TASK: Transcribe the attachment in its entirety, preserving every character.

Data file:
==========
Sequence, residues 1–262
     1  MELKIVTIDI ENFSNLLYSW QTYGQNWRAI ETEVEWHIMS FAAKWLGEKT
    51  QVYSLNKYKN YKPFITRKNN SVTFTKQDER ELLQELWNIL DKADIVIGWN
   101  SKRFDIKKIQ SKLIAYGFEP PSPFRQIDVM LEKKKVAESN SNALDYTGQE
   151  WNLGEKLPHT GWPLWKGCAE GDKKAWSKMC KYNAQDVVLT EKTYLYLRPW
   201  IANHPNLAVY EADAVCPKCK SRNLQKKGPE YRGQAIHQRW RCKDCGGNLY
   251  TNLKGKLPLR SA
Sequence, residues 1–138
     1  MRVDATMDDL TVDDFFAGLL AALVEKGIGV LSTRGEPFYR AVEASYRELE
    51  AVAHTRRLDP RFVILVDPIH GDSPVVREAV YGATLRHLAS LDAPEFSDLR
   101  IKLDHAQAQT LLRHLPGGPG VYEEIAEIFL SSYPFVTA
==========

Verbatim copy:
Sequence, residues 1–262
     1  MELKIVTIDI ENFSNLLYSW QTYGQNWRAI ETEVEWHIMS FAAKWLGEKT
    51  QVYSLNKYKN YKPFITRKNN SVTFTKQDER ELLQELWNIL DKADIVIGWN
   101  SKRFDIKKIQ SKLIAYGFEP PSPFRQIDVM LEKKKVAESN SNALDYTGQE
   151  WNLGEKLPHT GWPLWKGCAE GDKKAWSKMC KYNAQDVVLT EKTYLYLRPW
   201  IANHPNLAVY EADAVCPKCK SRNLQKKGPE YRGQAIHQRW RCKDCGGNLY
   251  TNLKGKLPLR SA
Sequence, residues 1–138
     1  MRVDATMDDL TVDDFFAGLL AALVEKGIGV LSTRGEPFYR AVEASYRELE
    51  AVAHTRRLDP RFVILVDPIH GDSPVVREAV YGATLRHLAS LDAPEFSDLR
   101  IKLDHAQAQT LLRHLPGGPG VYEEIAEIFL SSYPFVTA